In our ‘small living with’ series, Never Too Small goes in depth with the creative minds behind our favourite spaces, projects and businesses.
In this feature we take a peak into the workspace, rituals and ideas that motivate Karin Montgomery, interior designer and creator of Never Too Small Episode 40 — Man Cave.
Never Too Small: Please introduce yourself, tell us what you do and how long you have been doing it?
Karin Montgomery: My name is Karin Montgomery and I have been working as an interior designer for the past 18 years or so. Previous to that I had a textile company, manufacturing and printing mostly in Japan, Italy and India.
NTS: What drew you to sustainable, small footprint living?
KM: Working in Japan influenced me and changed my way of thinking about how we live. At the time we seemed to all be buying bigger homes and adding swimming pools, home theatres and even tennis courts, not to mention library and music rooms.
For the Japanese though, small is beautiful and I visited many private homes with 4 or 5 in the family living in tiny but very workable spaces. I liked it! It impressed me for a variety of reasons.
Why should we need to get away from one another by having not only our own bedrooms but also our own play rooms too. Much better, I thought, like the Japanese, to enjoy the small footprint and learn to share, to take part in community swimming pools, tennis courts, libraries etc.
NTS: Tell us about your routine. What needs to happen for you to be at your most productive
KM: My mornings begin rather late, never having been an early bird so slowly does it. I do check my mail first thing to see to anything urgent. Once up and about I pull myself together with a nice breakfast eaten in my small city garden when the weather allows.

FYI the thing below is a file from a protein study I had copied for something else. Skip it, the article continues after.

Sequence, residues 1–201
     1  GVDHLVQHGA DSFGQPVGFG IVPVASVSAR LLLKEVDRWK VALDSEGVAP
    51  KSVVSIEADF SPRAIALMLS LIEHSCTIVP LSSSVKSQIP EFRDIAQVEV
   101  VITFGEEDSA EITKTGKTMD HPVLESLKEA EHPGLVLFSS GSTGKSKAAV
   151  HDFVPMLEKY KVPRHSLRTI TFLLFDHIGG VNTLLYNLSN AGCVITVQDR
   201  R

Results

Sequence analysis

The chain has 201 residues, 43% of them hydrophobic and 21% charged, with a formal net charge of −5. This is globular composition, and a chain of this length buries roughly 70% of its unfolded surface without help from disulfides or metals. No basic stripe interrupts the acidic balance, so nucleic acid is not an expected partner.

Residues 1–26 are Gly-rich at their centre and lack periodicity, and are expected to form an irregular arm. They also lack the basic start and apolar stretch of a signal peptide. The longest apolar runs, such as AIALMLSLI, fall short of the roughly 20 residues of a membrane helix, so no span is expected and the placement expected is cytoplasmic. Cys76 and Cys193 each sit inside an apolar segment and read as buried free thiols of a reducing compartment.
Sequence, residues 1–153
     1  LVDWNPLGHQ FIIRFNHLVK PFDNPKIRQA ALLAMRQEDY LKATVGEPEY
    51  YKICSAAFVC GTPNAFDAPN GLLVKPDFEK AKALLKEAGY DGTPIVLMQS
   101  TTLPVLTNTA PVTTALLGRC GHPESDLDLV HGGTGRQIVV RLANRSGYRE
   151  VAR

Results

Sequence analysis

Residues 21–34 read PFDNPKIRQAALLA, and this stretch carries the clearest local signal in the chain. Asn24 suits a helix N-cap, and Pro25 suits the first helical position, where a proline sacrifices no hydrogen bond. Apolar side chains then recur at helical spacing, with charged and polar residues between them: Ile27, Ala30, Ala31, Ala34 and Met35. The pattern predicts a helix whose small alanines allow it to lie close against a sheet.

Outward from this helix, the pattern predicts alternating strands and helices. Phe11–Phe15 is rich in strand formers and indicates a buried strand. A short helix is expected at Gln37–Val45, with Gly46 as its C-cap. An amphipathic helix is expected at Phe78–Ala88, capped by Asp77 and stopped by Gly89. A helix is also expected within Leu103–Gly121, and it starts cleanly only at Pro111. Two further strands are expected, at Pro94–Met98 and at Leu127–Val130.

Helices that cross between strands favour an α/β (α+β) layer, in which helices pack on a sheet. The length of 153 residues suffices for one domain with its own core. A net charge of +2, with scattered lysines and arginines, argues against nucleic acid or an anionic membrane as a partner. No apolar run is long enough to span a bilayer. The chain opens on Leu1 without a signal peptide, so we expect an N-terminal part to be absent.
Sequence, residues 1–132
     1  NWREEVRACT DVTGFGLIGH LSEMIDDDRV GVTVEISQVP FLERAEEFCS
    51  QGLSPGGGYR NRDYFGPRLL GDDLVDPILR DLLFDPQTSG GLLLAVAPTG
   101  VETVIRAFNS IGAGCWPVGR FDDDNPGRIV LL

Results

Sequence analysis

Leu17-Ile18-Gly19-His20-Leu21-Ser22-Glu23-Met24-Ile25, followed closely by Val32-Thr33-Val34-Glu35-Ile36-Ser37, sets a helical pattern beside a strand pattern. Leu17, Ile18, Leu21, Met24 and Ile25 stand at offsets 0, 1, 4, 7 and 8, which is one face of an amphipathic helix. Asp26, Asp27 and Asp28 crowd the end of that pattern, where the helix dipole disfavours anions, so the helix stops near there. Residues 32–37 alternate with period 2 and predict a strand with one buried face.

Then into the office, which is upstairs in my small architecturally designed 1970’s home, now completely renovated for 2020 living.
NTS: Talk us through your design and creative workspace?
KM: In this room, there was originally an alcove so this converted to become my office. it is just the right size and quite perfect really. Simple cabinetry was built in and it works so well.
When I am in cruise mood, doing things I am accustomed to doing daily, I play music, mostly blues or opera depending on my mood but when things heat up, and I need to really focus then no music.
I am a domesticated sort of person and like my home comforts so having the office upstairs means I can’t be downstairs making things to eat and teas too often throughout the day so the separation is good.
NTS: What’s the one item in your workspace you couldn’t do without?
KM: Above my computer and my trusty Tolomeo lamp, I have a shelf with my treasures loaded on to it, family photos, small art works, things that make me smile. There is a doll in the corner, made apparently, in my likeness and given by a friend.
Rather funny that the thing I really couldn’t do without is a small block of square papers that I write notes on everyday. I do like paper and pencil and old habits persist.
NTS: What is something you know now about your process, routine or tools that you wish you’d known when you were starting out?
KM: Working as an interior designer encompasses so many disciplines that can be taught but the soul of the work cannot be learned, that deep understanding of a space, the spirit of it, you have either got it or not!!
NTS: Which design featured in Never Too Small do you wish you’d created and why?
The small apartment I really loved is Episode 3, Micro apartment design Cairo Studio.
The kitchen/ work room space is so very beautiful; firstly the colour yellow is perfect to define the space and when it opened out, with a place for everything, I could only smile, how wonderful, a full kitchen, so practical, creative and harmonious too.
Having the books slide out and the colour mirroring the kitchen was a perfect way to bring the various element of the apartment together.
Dedicated spaces for, sitting, eating, washing, cooking, sleeping was very cleverly done in such a small space.This apartment felt at ease with itself and not too tricky.